(Co-published by Cankids–Kidscan, a pan India NGO and Shravan Charity Mission, that works for Child cancer in India. The book is endorsed by Ms Preetha Reddy, MD Apollo Hospitals Group. It was launched in Lucknow International Literary Festival 2016)

TYPICAL TALE OF AN INDIAN SALESMAN

(Is a story of an Indian salesman who is, humbly qualified. Yet he fights his ways through unceasing uncertainties to reach the top. A good read not only for salesmen. The book was launched on 10th February, 2018 in Gorakhpur Lit-Fest. Now available in Amazon, Flipkart and Onlinegatha)

RHYTHM … in poems

(Published in January 2019. The book contains 50 poems. The poems describe our day to day life. The book is available in Amazon, Flipkart and Onlinegatha)

(ALL THE ABOVE TITLES ARE AVAILABLE FOR SALE IN AMAZON, FLIPKART AND OTHER ONLINE STORES OR YOU COULD EVEN WRITE TO US FOR A COPY)

*****

 

 

 

INTERESTING FACTS & QUOTES–16

Copyright@shravancharitymission  

Google sab janta hai. Google knows everything about everyone through their ‘search history.’ If Google were to enter the business of “Private Detectives’ or open a “Marriage Bureau” they probably would be the best among the trade, as Google knows everything about everyone. And through Google one can say even ‘Úncle Sam’ that is the US also knows everything about everyone.

A committee of senior statisticians has said that verifying 479, randomly selected EVMs, from a total of 10.35 lakh EVMs, achieves a confidence level of 99.99%. Raising sample size further yielded only ‘negligible gains’ in confidence levels. This would also roughly translate to one EVM per Lok Sabha seat. Election Commission says that VVPAT slip count from 1,500 polling stations in elections since March 2017 have matched completely with corresponding EVMs.

In 1939 Savarkar wrote the foreword of a book by a Nazi sympathizer and European born Hindu revivalist who called herself or you could say she wrote under the pseudonym of Savitri Devi Mukerji. Savitri Devi Mukerji lived between (1905-1982), and her real name was Maximiani Portas she was a mix of Greek, French and English parentage, she was a remarkable figure who, among other idiosyncratic beliefs, considered Adolf Hitler an avatar of Vishnu. Her book, prophetically titled “A Warning to be Hindus,” is a passionate polemic about the need for Hindu assertion. A prominent proponent of, deep ecology and Nazism, who served the Axis cause during World War II by spying on Allied forces.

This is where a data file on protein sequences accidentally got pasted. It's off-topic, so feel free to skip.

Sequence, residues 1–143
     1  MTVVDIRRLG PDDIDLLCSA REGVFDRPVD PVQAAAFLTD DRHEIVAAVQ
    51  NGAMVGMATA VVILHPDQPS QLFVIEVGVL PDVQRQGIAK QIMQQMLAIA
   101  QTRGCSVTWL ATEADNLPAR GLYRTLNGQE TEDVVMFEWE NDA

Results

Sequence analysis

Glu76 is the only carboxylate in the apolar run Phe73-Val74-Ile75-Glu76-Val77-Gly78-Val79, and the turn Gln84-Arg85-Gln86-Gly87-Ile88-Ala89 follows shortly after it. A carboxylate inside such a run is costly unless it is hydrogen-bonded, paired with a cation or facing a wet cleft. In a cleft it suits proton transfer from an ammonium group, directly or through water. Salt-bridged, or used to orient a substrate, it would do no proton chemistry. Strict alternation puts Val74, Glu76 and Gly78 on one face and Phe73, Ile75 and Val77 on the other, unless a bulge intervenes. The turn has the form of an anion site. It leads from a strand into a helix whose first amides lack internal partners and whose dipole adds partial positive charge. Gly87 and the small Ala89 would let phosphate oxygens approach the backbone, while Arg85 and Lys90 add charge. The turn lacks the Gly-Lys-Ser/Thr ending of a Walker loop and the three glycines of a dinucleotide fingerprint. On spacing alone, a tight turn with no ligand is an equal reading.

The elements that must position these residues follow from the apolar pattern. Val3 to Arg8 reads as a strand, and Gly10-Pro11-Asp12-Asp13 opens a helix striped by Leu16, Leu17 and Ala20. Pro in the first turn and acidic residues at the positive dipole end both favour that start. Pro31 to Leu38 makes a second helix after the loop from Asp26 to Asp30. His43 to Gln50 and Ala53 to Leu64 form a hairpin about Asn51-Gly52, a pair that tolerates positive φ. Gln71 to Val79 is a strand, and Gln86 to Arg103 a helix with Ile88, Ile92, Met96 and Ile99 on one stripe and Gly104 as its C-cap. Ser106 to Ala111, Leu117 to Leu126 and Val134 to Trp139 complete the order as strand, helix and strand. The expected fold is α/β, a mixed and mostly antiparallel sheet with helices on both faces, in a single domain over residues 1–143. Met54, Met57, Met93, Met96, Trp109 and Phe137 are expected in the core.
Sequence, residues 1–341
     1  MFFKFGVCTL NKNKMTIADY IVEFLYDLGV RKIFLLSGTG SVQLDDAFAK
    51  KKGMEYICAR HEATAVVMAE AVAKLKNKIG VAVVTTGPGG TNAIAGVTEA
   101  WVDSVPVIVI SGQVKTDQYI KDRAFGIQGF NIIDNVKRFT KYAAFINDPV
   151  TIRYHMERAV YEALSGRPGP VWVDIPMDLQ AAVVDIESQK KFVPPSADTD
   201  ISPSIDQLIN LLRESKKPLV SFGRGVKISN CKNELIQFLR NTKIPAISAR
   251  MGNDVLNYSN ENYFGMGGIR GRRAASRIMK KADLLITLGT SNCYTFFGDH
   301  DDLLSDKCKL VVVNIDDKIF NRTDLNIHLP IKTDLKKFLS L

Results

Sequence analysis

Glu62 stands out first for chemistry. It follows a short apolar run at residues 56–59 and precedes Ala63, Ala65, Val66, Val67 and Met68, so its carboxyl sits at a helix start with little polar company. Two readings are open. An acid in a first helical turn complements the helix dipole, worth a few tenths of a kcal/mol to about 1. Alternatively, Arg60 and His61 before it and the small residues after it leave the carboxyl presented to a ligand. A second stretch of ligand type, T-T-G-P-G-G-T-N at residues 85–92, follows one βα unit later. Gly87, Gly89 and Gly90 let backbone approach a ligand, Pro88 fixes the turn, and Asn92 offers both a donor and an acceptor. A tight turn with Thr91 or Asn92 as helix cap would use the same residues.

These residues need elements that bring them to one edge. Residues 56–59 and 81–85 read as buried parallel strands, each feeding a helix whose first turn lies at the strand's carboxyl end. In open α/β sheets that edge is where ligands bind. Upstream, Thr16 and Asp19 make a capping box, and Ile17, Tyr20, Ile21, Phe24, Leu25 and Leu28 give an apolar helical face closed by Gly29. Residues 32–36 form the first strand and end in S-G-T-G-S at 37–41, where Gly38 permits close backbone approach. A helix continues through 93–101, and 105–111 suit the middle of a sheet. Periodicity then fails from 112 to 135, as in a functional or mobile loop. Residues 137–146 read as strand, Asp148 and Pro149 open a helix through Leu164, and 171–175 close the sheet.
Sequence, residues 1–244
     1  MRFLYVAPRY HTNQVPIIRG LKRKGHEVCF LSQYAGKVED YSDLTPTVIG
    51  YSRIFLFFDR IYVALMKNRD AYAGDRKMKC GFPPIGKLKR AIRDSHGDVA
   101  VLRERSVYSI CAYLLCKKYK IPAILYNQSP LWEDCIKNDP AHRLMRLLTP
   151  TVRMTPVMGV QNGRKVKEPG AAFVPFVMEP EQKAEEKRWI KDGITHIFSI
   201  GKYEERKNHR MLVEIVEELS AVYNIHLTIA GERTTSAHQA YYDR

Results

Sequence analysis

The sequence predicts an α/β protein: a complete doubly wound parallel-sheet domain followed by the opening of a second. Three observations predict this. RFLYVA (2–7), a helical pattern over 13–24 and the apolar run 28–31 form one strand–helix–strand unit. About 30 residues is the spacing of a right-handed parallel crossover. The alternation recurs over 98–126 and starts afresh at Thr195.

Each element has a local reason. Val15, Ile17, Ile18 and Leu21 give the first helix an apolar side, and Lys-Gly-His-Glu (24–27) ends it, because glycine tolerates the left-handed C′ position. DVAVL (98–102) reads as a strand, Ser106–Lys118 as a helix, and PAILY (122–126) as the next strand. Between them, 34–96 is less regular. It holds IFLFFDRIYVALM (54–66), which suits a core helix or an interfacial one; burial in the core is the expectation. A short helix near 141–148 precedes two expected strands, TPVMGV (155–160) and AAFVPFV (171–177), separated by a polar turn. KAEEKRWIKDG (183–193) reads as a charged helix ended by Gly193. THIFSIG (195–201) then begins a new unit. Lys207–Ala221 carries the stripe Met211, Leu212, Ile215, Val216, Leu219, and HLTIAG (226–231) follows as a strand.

The origin of the word Juggernaut comes from the Hindu God Jagannath. The word is derived from the Sanskrit—Odia Jagannatha meaning “World Lord” which is one of the names of Krishna found in the Sanskrit epics. Where, Jagata means world, combining with Natha meaning Lord. By the eighteenth century juggernaut was in common use as a synonym for an irresistible and destructive force that demanded total devotion or unforgiving sacrifice—the sense in which it pops up in novels of Charlotte Bronte and Charles Dickens, and even Robert Louis Stevenson, who applied it to Dr Jekyll’s foil. Mr Hyde. It was only Mark Twain in his autobiography, who described juggernaut as the kindest of Gods.

The concept of GDP was invented in 1937 by US economist Simon Kuznets, who was later awarded the Nobel Prize for Economics in 1971. In 1944, following the Bretton Woods conference that established the World Bank and the International Monetary Fund, GDP became the standard tool for sizing up the country’s economy.

India is now the largest market for Youtube with over 265 million or you could say 26 crore monthly active users for the video sharing website.

Last week five South Korean celebrities became the world’s first 5G subscribers. The service since then has been opened to regular subscribers as well. Simultaneously the US also saw a limited commercial launch of 5G networks. The intensity with which telecoms in the two countries are claiming they did first, underscores the stakes in this battle for supremacy and how competitive it’s likely to be.

2G opened up mobile telephony mainstream, 3G opened up the app economy and social platforms, 4G redefined businesses from banking to entertainment and transportation, 5G equals superfast communications that backers say will transform life as we know it. Its speed, responsiveness and reach could indeed revolutionise agriculture, utilities, law and order, healthcare, manufacturing, AI and virtual reality.

Whereas, South Korea and the US have launched 5G and China is in a great state of readiness. India on the other hand is yet to allocate spectrum for 5G trails. There is no doubt that rolling out this technology is seriously capital intensive.

During the 2014 campaign, Narendra Modi crisscrossed 3,00,000 km to address hundreds of rallies in person. Five years later, his energy is still undiminished. With 150 rallies already planned and more in the works, he is poised to convert the election into a presidential style contest once again.

Deteriorating quality of education in public institutions poses a serious threat to the Indian youth of today and tomorrow. As it directly affects about 65-70% of the students—those who use publicly funded institutions.